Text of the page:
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Merrill Lynch Nabs Yet Another Wirehouse Rival Team

June 6, 2017

Merrill Lynch has lured another team of advisors from rival UBS Private Wealth, adding a trio who oversaw $3.3 billion at UBS, Merrill Lynch says in a press release.

F. Michael Covey III, Tom Kane and Mark Wiktor have joined the Chicago office of Merrill Lynch’s Private Banking & Investment Group as managing directors and part of the CKW Team, according to the press release. All three had moved to UBS in 2007 from Lehman Brothers, Merrill Lynch says.

Just last week, Merrill Lynch announced that it snapped up a $1 billion team from UBS. Joseph Gabriele and Paul Vasady-Kovacs had also worked at UBS for a decade prior to jumping ship. Merrill Lynch also scooped up a $1 billion advisor from JPMorgan last week. But the billion-dollar producers may be the last to come to Merrill Lynch for some time: last month, the wirehouse announced that it will pause all recruiting starting June 1, although the decision will not affect advisors it started pursuing before the deadline. During the recruiting halt, the company plans to revamp its incentive packages away from large signing bonuses to top producers and instead focus on attracting less experienced brokers from independent broker-dealers and regional brokerages. Other firms, including Morgan Stanley, are also stepping away from large recruitment packages, while Wells Fargo Advisors is raising the incentive deals it’s willing to offer to top producers.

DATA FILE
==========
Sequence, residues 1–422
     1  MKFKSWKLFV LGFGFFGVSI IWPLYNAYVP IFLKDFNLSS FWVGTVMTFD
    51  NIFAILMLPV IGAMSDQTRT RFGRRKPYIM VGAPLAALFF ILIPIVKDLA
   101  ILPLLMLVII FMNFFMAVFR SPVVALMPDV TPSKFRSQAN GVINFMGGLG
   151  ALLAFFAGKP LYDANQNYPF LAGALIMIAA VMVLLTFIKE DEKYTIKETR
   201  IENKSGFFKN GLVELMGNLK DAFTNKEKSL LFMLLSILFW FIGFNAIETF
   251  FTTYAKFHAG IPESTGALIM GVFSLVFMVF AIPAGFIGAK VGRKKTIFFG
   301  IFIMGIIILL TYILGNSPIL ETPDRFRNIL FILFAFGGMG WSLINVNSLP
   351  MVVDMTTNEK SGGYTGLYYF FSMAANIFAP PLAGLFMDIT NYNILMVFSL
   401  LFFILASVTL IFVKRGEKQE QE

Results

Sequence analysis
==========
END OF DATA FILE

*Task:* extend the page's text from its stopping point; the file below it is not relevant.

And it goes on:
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In a separate move, a veteran Goldman Sachs Group financial advisor is breaking away to go independent, the Wall Street Journal writes. David Darby, who oversaw $1 billion at Goldman after spending 21 years with the firm, will launch DG Wealth Partners, according to the paper.

Part of his motivation was the ability to sell third-party products and not just those made by Goldman, he tells the Journal.

Goldman lost several veteran advisors in recent weeks. Last month, Merrill Lynch nabbed a team of six advisors from Goldman Sachs-owned Ayco Company, some of whom had been with the firm for 10 to 15 years. Goldman is also suing two advisors who left in May to form their own firm, accusing them of poaching clients and trying to lure employees.

By Alex Padalka
  • To read the Wall Street Journal article cited in this story, click here.